To view the National Indigenous Times article Palliative Care Australia launches campaign to bust myths about end-of-life services in full click here. The video below is part of the animation series: Demystifying palliative care and dying for Aboriginal and Torres Strait Islander peoples available on the Palliative Care NSW website here.

Making all equal at front door of health system

Following the outcome of this year’s Federal Election, Health Minister Mark Butler convened the Strengthening Medicare Taskforce (SMT). At its first meeting, the SMT established five focus areas to guide its recommendations to the Australian Minister of Health and Aged Care. The fifth focus area is to provide “universal health care and access for all through health care that is inclusive and reduces disadvantage.”

Providing universal healthcare means every person needs to be equal at the front door of the health system. It is well established that “where you live, how much you earn, whether you have a disability, your access to services and many other factors can affect your health”. These issues are compounded by issues related to funding models, workforce capacity and workforce distribution.

Planning true universal health care requires recognition of the health issues facing our most marginalised members of society. The Australian Institute of Health and Welfare (AIHW) states that: Overall, Aboriginal and Torres Strait Islander people, people from areas of socioeconomic disadvantage, people in rural and remote locations, and people with disability experience more health disadvantages than other Australians. These disadvantages can include higher rates of illness and shorter life expectancy. Further, the AIHW reports that While many aspects of Indigenous health have improved, challenges still exist. Indigenous Australians have a shorter life expectancy than non-Indigenous Australians and are at least twice as likely to rate their health as fair or poor.

To view the article The Strengthening Medicare Taskforce: Making everyone equal at the front door of the health system in full click here.

Image source: STAT+.

Sector Jobs

Sector Jobs – you can see sector job listings on the NACCHO website here.

Advertising Jobs – to advertise a job vacancy click here to go to the NACCHO website Current job listings webpage. Scroll down to the bottom of the page to find a Post A Job form. You can complete this form with your job vacancy details – it will then be approved for posting and go live on the NACCHO website.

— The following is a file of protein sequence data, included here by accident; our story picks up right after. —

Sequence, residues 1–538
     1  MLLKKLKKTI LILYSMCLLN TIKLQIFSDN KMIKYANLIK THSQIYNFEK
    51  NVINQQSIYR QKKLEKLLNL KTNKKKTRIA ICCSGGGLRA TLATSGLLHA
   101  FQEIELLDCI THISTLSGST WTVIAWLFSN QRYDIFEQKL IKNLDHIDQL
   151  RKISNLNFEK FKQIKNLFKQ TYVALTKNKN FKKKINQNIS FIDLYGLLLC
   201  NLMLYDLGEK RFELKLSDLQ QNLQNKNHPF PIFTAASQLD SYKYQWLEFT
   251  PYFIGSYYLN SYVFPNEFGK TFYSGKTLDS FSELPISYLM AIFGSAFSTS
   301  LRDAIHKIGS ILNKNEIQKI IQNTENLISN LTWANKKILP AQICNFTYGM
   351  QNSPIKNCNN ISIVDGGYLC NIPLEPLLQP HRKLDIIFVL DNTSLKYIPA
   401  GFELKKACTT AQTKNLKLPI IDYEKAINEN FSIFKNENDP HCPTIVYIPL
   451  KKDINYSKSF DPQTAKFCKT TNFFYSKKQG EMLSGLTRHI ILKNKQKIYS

Lung Cancer Awareness Month

Lung Cancer Awareness Month is observed annually in November and highlights the need for more research to be conducted while cultivating a better understanding of the disease. This is an important time of the year, that brings the community together to help provide awareness, and to inform and educate people on the signs and symptoms of the disease. It is the fifth most common cancer in Australia, with around 12,000 Australians diagnosed each year. In 2015, 11,788 new cases of lung cancer were diagnosed in Australia, this equates to nearly 9% of all cancers that were diagnosed that year. In 2016, 8410 deaths were caused by lung cancer in Australia.

According to the Australian Institute of Health and Welfare (AIHW) report Cancer in Australia 2021 lung cancer is the most commonly diagnosed cancer among Aboriginal and Torres Strait Islander people, and the leading cause of cancer-related mortality. If lung cancer is found at an earlier stage, there is more chance of a better outcome. It’s important to know the symptoms of lung cancer as although lung cancer occurs mostly in people aged 60 and over, it can affect people of any age. New and constantly evolving treatments such as immunotherapy are likely to continue to improve outcomes for people affected by lung cancer.

You can find more information about lung cancer on the Lung Foundation Australia website here.

Image source: MNA Group Limited website.

NACCHO Aboriginal & Torres Strait Islander Health News: NACCHO Conference 2022 highlights

The image in the feature tile is of NACCHO Chair Donnella Mills at the NACCHO Members’ Conference 2022, Tuesday 18 October 2022.

NACCHO Conference 2022 highlights

The two videos below include highlights from the NACCHO Youth Conference 2022 held on Monday 17 October 2022 and the NACCHO Members’ Conference 2022, held from Tuesday 18 to Thursday 20 October 2022.

Coonamble AHS launch new health app

The Coonamble Aboriginal Health Service (CAHS) has broken new ground by developing a mobile app to connect people to health services and promotion. The Fair Dinkum Choices ™ app was launched on Friday 21 October at Western Plains Zoo in Dubbo with a bevy of high profile supporters on hand.